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Since it premiered seven years ago, the Suzanne Andrade/Barrie Kosky animated production of Die Zauberflöte has proved wildly popular and has been remounted all over the world. Why then, during its New York City premiere Wednesday night for the opening of the Mostly Mozart Festival, did I mostly want to close my eyes and just listen?

Mozart’s next-to-last opera is simultaneously glorious and strange, profound and silly and I don’t envy anyone charged with producing it. There are those who like it the least of the composer’s acknowledged seven great masterpieces and yet it is truly beloved by just as many others. Is it a comedy or a drama? A silly romp or a probing journey into the nature of good versus evil? Perhaps it is all of these things and thus why it can be so damned problematic to stage.

Andrade and Kosky’s conceit is to drop the Singspiel’s spoken dialogue and reset the action inside a 1920’s silent film. There is no set per se, only a framed white screen onto which the continuous animation is projected. That screen has a number of doors through which the singers appear (think Laugh-In) either at stage level or about 20 feet up.

More often than not, they are strapped into those pop-out contraptions which drastically limit interaction between the performers, and that proves to be one of the production’s biggest missteps.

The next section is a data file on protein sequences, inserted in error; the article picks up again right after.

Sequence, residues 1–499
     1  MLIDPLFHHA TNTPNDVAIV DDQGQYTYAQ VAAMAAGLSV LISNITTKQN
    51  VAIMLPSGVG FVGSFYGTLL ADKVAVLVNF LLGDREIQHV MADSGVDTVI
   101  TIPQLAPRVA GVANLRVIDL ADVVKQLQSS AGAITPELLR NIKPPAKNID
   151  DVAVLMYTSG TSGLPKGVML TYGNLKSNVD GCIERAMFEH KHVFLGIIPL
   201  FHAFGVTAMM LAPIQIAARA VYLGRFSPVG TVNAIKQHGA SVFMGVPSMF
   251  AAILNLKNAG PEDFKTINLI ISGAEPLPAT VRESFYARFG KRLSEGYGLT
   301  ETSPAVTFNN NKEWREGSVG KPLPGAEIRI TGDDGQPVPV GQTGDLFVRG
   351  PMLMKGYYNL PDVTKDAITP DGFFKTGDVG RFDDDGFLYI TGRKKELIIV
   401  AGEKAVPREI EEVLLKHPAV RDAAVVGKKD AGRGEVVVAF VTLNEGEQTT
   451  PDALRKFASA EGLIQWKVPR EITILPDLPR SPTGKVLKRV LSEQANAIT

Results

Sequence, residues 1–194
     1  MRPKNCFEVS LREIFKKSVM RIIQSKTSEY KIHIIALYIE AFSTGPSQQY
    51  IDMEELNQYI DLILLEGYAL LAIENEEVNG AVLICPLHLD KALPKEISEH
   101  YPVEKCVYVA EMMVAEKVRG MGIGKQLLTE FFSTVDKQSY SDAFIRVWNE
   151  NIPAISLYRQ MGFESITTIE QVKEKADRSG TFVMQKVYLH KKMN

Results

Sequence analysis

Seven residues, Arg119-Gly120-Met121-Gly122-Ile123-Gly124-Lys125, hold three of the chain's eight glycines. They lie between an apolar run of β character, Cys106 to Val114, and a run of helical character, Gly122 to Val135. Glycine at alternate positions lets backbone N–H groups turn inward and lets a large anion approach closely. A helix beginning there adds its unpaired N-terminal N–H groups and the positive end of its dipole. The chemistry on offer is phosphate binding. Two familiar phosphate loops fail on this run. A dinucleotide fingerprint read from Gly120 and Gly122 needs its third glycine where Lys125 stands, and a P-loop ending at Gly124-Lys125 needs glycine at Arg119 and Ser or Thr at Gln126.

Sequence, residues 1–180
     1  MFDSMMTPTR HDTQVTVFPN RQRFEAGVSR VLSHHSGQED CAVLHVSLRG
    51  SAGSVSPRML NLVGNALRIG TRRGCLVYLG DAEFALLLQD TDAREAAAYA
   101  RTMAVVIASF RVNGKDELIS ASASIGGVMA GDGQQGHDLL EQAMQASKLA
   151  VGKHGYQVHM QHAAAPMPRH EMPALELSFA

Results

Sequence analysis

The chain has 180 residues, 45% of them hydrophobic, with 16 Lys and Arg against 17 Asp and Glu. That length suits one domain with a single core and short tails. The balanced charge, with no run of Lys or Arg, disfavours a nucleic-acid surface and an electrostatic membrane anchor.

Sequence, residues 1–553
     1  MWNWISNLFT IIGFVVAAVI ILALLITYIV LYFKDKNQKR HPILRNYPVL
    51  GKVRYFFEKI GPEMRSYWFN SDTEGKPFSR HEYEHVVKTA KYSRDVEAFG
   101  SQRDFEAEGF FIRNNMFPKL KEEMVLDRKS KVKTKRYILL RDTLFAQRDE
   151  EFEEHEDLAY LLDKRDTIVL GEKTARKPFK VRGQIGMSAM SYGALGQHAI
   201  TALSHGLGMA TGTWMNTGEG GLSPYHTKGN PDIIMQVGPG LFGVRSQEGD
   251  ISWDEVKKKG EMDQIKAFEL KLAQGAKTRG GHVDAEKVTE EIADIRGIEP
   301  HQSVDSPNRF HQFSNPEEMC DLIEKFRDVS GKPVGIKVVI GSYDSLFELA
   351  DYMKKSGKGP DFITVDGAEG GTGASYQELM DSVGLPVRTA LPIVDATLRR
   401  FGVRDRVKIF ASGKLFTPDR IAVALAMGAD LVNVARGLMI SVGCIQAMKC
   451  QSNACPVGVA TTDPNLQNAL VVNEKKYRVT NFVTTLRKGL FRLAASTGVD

The physical restrictions “required” by the design decisions help to turn the characters into white-faced blanks devoid of personality: they function simply cogs in the big cartoon machine concocted by Andrade, Kosky and animator Paul Barritt. The suggested Weimar-in-the-20s world which they inhabit is nearly always ingenious and even occasionally diverting but its incessant motion soon grows wearying.

Not for a moment is the screen action still—something is always spinning or twirling or darting about. Even the most restrained moment of the evening—Pamina’s aching “Ach ich fühls”—is played against nonstop falling snow which can’t help but distract from the soprano.

The unluckiest victim of this busyness is the Queen of the Night, here represented as giant screen-filling spider. Only the head of the singer—in this case, Audrey Luna—is visible and during her first aria, her eight legs constantly tease and taunt Tamino who dashes back and forth nonstop trying to avoid them.

For “Der Hölle Rache” Pamina runs wildly in place trying to avoid the daggers being flung as insects swarm to molest her. Poor Luna: who is bothering to notice her spot-lit face near the top of the proscenium while all that is going on? In addition, her wan, thin singing only occasionally struck the sparks of a fearsome Queen but, boy, did that high F at the end of her first aria blaze like a torch!

Papageno with his straw hat and deadpan expression explicitly evoked Buster Keaton but without any of that genius comedian’s modest charm or physical dexterity. That Rodion Pogossov, remembered as an appealing Papageno at the opening of the Julie Taymor Zauberflöte at the Met in 2004, sang so poorly in the first act (he later improved somewhat) only made the bird-catcher’s antics more trying than they can sometimes be.

Otherwise the musical side of the evening proved deeply satisfying especially the tautly fleet conducting of Mostly Mozart music director Louis Langrée whose contract was recently extended for another five years. His lithe reading positioned Zauberflöte firmly in the 18th century rather than loading it with intimations of the coming of Beethoven as some do.